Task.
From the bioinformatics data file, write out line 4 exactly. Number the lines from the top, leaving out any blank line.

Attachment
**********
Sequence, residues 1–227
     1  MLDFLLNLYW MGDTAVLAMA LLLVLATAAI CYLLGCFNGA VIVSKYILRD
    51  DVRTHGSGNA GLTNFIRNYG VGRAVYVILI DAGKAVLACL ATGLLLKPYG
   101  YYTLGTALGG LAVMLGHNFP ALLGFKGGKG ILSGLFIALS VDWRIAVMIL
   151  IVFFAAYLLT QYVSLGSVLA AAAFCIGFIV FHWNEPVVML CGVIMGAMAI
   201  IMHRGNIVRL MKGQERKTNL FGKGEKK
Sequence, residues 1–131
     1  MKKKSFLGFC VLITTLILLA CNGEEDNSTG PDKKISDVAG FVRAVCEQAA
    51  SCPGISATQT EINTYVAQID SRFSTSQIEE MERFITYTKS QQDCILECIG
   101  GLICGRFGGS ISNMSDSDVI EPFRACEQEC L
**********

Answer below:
   101  YYTLGTALGG LAVMLGHNFP ALLGFKGGKG ILSGLFIALS VDWRIAVMIL